Taxing Home Sales to Pay for Health Care

Numerous emails are circulating regarding a new 3.8% tax on homeowners in 2013 when they sell their homes and on investors when they sell property.  Using information regarding the Medicare taxing with reference to real estate sales provided by the Congressional Research Service and National Association of Realtors, I will try to give some clarification.

On March 23, President Obama signed Health Care Reform Legislation into law — the Patient Protection and Affordable Care Act  (PPACA;P.L. 111-148), some provisions of which are amended by the Health Care and Education Reconciliation Act of 2010 (P.L. 111-152) PPACA will, among other things, raise revenues to pay for expanded health insurance coverage by imposing excise taxes and fees on industries in the health care sector, limiting tax-advantaged health accounts, increasing the Medicare payroll tax on upper-income households, and adding an additional tax on net investment income on upper-income households. The new law will also eliminate the tax deduction for expenses allocatable to the Medicare Part D subsidy to employers.

Q: Does the new health care law impose a 3.8% tax on profits from selling your home?

A: No, with a few exceptions.  The first $250,000 in profit from the sale of a personal residence   won’t be taxed, or the first $500,000 in the case of a married couple.  The tax falls on relatively few – those with high incomes from other sources.

Q: Who will be subject to the new taxes imposed in the health legislation?

A: A new 3.8% tax will apply to the “unearned” income of “High Income” taxpayers.  Another 0.9% tax will apply to the “earned” income of many of these same individuals.  Both levies are referred to as “Medicare” taxes.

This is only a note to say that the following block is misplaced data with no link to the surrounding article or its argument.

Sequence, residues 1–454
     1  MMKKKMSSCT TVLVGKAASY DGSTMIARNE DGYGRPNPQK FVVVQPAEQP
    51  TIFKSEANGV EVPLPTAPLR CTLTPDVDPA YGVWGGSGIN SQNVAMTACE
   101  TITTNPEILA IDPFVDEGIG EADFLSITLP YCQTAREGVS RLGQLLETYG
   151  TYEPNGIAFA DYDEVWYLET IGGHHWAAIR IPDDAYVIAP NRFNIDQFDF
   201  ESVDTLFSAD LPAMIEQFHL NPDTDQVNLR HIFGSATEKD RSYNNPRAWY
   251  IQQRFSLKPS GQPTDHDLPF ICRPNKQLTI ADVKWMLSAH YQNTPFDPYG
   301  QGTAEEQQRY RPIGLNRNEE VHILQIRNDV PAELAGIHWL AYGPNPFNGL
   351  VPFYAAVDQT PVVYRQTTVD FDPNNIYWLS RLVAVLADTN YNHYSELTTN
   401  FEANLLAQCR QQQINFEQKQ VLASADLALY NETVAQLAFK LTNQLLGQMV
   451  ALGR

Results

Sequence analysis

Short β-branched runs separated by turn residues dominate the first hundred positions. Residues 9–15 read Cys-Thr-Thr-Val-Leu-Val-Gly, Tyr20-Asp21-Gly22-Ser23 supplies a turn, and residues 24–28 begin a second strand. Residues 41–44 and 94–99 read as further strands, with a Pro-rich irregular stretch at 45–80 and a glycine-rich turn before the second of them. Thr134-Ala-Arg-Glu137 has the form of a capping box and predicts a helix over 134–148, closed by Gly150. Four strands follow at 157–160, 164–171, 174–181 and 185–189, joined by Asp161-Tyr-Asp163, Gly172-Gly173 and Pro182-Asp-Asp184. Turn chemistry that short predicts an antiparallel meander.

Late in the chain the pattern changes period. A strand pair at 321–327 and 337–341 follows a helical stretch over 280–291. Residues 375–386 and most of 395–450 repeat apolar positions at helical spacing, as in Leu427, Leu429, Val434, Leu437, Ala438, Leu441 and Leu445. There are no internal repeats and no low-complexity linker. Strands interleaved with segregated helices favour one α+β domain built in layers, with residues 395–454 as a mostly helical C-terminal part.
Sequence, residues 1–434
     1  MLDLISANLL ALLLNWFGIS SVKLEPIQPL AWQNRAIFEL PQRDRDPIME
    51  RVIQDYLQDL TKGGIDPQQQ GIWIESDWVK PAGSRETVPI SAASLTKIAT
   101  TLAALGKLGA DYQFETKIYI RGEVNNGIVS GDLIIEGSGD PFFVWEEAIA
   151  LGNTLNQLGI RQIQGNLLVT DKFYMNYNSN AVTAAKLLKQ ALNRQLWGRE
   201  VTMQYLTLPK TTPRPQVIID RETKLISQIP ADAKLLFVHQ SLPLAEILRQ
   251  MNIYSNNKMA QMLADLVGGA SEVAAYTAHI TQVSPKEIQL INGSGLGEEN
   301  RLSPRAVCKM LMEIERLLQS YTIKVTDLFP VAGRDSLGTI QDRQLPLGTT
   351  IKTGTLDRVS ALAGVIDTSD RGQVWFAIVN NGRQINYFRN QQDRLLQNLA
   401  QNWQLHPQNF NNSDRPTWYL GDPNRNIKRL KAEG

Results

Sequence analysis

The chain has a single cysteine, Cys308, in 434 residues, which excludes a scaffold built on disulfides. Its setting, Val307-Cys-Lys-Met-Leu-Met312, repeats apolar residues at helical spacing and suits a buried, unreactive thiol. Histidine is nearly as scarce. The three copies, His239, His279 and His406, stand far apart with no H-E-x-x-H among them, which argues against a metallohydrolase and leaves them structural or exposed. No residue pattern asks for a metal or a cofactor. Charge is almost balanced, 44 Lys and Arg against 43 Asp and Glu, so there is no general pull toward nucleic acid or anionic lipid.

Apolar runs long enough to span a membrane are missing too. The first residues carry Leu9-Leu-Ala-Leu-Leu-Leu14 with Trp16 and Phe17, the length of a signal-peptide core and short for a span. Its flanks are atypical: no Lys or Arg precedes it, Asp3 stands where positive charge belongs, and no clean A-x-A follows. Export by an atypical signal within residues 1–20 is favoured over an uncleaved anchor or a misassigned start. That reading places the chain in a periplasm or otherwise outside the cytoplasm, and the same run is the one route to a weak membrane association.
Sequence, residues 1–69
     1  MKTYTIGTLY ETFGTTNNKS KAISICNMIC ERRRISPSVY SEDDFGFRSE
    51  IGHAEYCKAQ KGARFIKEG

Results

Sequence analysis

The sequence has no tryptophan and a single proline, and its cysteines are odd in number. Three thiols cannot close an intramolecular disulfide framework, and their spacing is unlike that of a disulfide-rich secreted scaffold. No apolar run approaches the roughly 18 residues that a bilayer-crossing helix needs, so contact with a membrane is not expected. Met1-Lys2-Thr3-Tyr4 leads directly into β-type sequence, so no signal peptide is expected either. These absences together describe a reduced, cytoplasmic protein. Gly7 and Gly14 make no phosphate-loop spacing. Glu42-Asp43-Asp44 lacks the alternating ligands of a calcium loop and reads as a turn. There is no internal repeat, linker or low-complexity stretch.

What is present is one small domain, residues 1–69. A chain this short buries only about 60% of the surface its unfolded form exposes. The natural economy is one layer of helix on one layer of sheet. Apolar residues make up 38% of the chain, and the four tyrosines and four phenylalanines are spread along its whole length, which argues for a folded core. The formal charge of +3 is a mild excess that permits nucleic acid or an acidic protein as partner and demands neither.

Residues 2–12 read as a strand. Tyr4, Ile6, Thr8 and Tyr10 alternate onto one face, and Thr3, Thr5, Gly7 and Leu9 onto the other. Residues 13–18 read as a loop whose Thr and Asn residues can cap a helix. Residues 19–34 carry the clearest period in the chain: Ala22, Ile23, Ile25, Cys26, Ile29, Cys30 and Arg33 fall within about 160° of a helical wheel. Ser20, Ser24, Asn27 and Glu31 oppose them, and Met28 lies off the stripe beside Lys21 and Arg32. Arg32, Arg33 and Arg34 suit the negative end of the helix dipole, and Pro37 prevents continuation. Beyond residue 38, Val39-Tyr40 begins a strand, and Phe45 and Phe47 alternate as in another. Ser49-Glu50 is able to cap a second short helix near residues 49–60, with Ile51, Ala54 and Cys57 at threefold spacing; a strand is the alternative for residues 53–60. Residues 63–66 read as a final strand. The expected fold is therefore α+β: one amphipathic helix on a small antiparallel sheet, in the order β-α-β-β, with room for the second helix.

Q: Who is a “High Income” Taxpayer?

A: Those whose tax filing status is “single” will be subject to new unearned income taxes if they have Adjusted Gross Income (AGI) of more than $200,000.  Married couples filing a joint return AGI of more than $250,000 will also be subject to the new tax.  (The AGI threshold for married filing separate returns is $125,000).

Q: Are the $200,000 and $250,000 thresholds indexed for inflation?

A: No.  Thus, over time, more individuals may become subject to this tax.

Q: When does the new 3.8% Medicare tax take effect?

A: The new Medicare tax on unearned income will take effect January 1, 2013.

Q: What is “unearned” net investment income?

A: Unearned income is the income that an individual derives from investing his/her capital.  It includes gains, rents, dividends and interest income.  It also comes from some investments in active businesses if the investor is not an active participant in the business.  The portion of unearned income that is subject both to income tax and the new Medicare tax is the amount of income derived from theses sources, reduced by an expenses associated with earning that income.  (Hence the term “net” investment income).  Thus, in the case of rents, the taxable amount would be gross rents minus all expenses (including depreciation) incurred in operating the rental property.  So if gross rents were $100,000 with association expenses of $40,000; net rents of $60,000 ($100,000 minus $40,000) would be included in Adjusted Gross Income (AGI).

If you have concerns about this bill or any other bill, it is important that you contact your congressman and express your dissatisfaction with these bills.